of those things, end-user, developer, salesman, priest, nobody. Could you
point me at some examples of its use to mean that?

tom

--
We discovered in Nature's work a pattern of sloppiness, indifference to
basic scholarly standards, and flagrant errors so numerous they completely
invalidated the results. -- Encyclopaedia Britannica
 
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Arved Sandstrom
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      04-16-2009
David Segall wrote:
> Roedy Green <(E-Mail Removed)> wrote:
>
>> Is "cloud computing" a meaningless marketing buzzword or is there
>> something substantial behind it? Sun keeps sending me Vip-commercials
>> for it (Vip was a fictitious product accidentally and generically
>> advertised in the Doris Day/Rock Hudson movie Lover Come Back).
>>
>> I would like to compose an entry in the Java Glossary. What should I
>> say?

>
>
> You may have already rejected it but I found the Sun "Guide to Getting
> Started with Cloud Computing"
> <http://www.sun.com/offers/details/cloud_computing_primer.html>
> helpful. The are several of the twenty six pages that you could delete
> because they are only pushing Sun's offerings in the field but I
> thought the remainder was a useful primer.


I agree - I've read it myself. I thought it was a pretty reasonable
description.

AHS
 
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Arne Vajh°j
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      04-16-2009
Roedy Green wrote:
> Is "cloud computing" a meaningless marketing buzzword or is there
> something substantial behind it?


Absolutely.

You will see a lot of solutions being hosted in the cloud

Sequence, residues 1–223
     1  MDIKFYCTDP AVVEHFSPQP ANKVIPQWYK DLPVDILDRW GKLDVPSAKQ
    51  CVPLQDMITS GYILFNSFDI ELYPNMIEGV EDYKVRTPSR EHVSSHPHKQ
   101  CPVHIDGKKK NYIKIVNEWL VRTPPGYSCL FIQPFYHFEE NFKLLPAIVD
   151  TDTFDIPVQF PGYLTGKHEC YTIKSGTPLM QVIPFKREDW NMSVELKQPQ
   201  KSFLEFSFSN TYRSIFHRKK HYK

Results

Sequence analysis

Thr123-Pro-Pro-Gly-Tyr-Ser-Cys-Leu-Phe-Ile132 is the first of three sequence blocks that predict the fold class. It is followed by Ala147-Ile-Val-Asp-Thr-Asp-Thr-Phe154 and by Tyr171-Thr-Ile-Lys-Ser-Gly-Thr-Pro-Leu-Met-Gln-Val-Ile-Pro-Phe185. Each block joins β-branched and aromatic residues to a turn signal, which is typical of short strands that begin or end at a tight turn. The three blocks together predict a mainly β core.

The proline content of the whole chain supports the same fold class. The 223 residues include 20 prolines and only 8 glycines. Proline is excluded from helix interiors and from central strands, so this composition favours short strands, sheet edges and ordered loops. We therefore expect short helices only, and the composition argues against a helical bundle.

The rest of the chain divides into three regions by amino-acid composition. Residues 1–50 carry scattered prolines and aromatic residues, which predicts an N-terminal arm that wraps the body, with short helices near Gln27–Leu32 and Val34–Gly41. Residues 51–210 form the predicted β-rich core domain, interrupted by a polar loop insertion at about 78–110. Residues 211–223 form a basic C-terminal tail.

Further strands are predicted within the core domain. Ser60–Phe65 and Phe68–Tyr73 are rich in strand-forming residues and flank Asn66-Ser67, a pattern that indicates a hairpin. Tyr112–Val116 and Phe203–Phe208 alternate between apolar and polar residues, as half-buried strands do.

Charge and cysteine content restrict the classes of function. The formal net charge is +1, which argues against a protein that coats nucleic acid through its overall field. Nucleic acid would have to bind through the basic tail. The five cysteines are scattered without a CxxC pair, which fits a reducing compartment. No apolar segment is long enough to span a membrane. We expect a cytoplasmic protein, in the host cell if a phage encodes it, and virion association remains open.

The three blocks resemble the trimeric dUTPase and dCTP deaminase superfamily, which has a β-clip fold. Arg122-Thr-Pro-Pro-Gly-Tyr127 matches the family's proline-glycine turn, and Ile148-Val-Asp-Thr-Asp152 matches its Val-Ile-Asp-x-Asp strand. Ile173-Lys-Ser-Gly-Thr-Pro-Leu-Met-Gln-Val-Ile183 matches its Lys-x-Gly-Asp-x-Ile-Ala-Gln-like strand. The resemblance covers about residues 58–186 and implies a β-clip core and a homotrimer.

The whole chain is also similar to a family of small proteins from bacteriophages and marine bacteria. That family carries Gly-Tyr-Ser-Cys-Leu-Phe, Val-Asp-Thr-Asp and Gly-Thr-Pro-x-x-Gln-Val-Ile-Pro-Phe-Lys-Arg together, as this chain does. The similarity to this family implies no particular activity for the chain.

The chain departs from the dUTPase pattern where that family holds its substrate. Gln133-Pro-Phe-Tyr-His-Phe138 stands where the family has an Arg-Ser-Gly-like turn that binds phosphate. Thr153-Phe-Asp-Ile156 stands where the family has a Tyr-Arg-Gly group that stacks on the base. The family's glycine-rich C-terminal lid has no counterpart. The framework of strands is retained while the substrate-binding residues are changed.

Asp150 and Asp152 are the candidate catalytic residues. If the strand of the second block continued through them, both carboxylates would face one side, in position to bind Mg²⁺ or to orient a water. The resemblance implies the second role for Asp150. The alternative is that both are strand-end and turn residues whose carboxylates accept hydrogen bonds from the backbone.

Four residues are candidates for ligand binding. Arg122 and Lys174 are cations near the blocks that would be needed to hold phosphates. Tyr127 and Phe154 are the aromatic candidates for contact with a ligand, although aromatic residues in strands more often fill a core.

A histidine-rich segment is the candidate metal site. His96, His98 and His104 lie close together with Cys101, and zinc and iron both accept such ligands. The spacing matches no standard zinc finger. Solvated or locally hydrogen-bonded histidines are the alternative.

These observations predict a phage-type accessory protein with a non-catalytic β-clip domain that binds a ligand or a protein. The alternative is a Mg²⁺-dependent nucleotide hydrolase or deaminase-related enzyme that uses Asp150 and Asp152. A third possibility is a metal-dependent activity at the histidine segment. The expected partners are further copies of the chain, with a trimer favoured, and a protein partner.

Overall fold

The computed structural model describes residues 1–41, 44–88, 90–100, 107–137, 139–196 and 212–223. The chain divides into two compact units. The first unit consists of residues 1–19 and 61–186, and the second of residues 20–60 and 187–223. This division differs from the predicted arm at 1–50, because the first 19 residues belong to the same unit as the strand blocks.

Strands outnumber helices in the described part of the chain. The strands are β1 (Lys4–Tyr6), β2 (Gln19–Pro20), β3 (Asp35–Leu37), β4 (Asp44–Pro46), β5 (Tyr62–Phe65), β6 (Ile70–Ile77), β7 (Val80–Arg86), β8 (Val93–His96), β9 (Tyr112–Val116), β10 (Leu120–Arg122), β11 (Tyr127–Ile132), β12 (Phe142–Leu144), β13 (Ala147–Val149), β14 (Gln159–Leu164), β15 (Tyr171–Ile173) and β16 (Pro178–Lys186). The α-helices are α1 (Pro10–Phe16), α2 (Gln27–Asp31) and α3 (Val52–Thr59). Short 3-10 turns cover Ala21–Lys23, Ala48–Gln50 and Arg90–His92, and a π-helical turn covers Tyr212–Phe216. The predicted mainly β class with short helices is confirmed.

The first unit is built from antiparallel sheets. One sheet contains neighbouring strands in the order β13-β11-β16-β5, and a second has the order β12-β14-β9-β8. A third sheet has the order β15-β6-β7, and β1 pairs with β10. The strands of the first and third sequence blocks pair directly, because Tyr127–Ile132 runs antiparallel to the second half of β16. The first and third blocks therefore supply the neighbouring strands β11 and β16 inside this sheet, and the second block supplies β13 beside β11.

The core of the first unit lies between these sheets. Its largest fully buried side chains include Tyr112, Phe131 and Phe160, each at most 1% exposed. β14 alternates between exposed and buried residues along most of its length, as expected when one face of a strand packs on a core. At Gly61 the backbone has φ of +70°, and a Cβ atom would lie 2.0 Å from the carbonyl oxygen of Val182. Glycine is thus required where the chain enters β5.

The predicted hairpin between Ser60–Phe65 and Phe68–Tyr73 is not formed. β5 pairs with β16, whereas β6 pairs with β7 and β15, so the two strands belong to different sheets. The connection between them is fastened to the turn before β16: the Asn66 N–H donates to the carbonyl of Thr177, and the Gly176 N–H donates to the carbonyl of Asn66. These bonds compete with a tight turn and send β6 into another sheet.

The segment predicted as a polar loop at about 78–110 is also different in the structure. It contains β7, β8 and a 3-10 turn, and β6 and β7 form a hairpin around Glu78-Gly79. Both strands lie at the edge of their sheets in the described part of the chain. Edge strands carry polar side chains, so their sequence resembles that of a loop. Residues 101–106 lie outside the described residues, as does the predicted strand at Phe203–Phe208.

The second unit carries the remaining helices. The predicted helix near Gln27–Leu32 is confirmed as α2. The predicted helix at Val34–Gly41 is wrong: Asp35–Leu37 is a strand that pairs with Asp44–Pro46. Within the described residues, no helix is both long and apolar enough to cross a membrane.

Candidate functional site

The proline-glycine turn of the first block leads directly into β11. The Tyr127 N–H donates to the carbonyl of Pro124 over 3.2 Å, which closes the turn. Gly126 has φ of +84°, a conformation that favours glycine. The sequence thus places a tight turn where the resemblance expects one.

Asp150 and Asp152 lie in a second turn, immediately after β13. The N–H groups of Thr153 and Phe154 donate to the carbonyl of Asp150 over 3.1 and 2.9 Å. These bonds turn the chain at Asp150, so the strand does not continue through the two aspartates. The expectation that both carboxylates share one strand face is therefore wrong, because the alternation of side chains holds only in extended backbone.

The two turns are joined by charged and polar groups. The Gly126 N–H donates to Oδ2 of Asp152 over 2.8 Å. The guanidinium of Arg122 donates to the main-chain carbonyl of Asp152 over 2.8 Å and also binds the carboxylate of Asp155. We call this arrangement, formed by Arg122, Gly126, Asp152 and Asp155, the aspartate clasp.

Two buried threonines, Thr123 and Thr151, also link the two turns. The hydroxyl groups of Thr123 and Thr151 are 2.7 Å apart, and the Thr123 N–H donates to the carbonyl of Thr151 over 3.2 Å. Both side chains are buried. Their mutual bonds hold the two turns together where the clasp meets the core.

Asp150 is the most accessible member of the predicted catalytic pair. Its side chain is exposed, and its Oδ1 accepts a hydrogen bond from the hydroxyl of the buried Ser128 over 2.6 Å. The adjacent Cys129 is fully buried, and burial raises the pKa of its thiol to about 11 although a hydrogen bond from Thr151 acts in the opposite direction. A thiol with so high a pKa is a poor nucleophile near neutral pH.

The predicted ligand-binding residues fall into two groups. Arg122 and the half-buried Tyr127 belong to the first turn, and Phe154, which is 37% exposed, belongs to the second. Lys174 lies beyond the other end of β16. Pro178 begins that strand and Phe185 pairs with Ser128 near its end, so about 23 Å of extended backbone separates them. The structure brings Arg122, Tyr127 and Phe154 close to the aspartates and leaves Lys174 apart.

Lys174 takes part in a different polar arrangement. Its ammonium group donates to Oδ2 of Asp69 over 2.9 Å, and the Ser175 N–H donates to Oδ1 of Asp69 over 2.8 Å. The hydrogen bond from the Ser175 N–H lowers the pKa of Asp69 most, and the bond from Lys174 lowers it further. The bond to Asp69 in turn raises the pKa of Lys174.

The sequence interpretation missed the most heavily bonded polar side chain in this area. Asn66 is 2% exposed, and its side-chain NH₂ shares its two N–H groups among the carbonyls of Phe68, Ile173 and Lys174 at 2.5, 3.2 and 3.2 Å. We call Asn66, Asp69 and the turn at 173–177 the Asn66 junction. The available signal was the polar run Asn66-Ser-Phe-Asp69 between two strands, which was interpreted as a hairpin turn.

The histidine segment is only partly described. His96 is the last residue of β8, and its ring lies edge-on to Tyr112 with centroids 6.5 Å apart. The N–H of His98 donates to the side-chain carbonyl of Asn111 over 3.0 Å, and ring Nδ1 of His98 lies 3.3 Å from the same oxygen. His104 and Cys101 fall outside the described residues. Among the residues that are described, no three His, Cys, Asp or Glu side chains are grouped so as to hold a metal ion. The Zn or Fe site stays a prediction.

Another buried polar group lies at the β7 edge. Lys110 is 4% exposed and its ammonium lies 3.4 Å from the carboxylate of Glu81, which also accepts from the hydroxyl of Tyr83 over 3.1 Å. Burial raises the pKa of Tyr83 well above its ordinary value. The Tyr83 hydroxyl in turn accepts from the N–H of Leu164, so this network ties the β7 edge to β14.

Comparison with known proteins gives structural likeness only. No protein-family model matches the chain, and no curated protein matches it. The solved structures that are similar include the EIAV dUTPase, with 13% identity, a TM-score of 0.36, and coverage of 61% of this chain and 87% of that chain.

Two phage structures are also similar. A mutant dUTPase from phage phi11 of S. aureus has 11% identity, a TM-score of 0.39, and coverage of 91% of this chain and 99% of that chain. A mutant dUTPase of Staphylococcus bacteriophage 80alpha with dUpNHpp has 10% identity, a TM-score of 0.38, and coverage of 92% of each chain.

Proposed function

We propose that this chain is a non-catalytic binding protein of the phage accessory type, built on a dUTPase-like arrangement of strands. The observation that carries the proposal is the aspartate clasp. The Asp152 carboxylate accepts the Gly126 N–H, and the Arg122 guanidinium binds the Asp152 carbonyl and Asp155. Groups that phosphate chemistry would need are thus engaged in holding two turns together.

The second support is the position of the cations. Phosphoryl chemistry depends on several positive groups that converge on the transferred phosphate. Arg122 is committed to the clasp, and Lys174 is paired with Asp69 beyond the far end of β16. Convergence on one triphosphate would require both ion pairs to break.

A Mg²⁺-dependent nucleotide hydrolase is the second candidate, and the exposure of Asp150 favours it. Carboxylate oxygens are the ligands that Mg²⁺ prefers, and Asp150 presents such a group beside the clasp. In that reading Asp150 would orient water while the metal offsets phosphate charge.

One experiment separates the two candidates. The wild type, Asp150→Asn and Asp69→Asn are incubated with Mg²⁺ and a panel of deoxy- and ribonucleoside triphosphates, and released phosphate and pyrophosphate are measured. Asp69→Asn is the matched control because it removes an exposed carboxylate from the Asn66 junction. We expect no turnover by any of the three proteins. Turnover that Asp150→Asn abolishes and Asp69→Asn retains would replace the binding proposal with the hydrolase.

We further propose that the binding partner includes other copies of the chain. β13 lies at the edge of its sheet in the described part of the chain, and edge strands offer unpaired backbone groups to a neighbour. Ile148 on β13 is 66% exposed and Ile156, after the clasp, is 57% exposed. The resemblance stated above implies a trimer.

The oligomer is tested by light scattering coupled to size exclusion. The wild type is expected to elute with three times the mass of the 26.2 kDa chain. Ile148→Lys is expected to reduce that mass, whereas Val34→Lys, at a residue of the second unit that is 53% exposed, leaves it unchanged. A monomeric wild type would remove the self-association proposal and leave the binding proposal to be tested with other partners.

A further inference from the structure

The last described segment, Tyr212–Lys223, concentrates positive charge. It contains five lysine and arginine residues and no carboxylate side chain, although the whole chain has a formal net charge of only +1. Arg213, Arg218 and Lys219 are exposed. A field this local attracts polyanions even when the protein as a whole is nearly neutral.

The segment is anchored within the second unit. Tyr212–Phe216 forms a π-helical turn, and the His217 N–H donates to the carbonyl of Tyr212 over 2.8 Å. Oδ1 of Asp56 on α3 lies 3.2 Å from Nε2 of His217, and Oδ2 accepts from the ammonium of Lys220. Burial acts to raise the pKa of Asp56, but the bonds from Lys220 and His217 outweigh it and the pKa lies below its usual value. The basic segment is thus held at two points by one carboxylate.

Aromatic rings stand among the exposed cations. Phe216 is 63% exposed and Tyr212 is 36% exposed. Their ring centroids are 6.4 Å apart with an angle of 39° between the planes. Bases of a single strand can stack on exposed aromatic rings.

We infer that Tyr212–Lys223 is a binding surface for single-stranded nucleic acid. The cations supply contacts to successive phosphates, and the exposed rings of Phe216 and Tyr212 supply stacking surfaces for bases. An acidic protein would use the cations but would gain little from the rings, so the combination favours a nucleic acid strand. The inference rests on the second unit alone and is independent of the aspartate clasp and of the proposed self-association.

in the next decade.

Arne
 
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Arne Vajh°j
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      04-16-2009
Qu0ll wrote:
> "Roedy Green" <(E-Mail Removed)> wrote in message
> news:(E-Mail Removed)...
>> Is "cloud computing" a meaningless marketing buzzword or is there
>> something substantial behind it? Sun keeps sending me Vip-commercials
>> for it (Vip was a fictitious product accidentally and generically
>> advertised in the Doris Day/Rock Hudson movie Lover Come Back).
>>
>> I would like to compose an entry in the Java Glossary. What should I
>> say?

>
> Industry is always looking for new buzzwords. Cloud Computing came out
> of SOA and SaaS. Though the terms may change the underlying concept of
> delivering software as a service is a substantial paradigm shift from
> the traditional model and is here to stay.


Cloud is PaaS not SaaS.

> So it may be called something else in a few years time but it's worth
> investing time into learning about it now. I guess the most prominent
> branded products in this area are Google's App Engine, Amazon's services
> and Windows Azure.


Yup.

Arne
 
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Arne Vajh├Şj
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      04-16-2009
Peter Duniho wrote:
> That said, IMHO the Wikipedia article gives the phrase far too much
> technical detail as compared to how it's actually used by most people I
> hear. The more popular, less rigorous definition seems to be simply any
> kind of user/client application that would traditionally run entirely on
> a workstation, but which instead has been implemented as a client/server
> application.
>
> In that usage, the key identifying feature is that the primary storage
> and manipulation of the user's data is on the server, while the
> client-side portion of the application is simply some kind of view onto
> the server state. Most often (at least in the popular context), that
> "view" is implemented using HTML and related technologies (e.g. browser
> scripting, CSS, etc.).


That is not cloud computing.

That is thin client, client-server etc..

Arne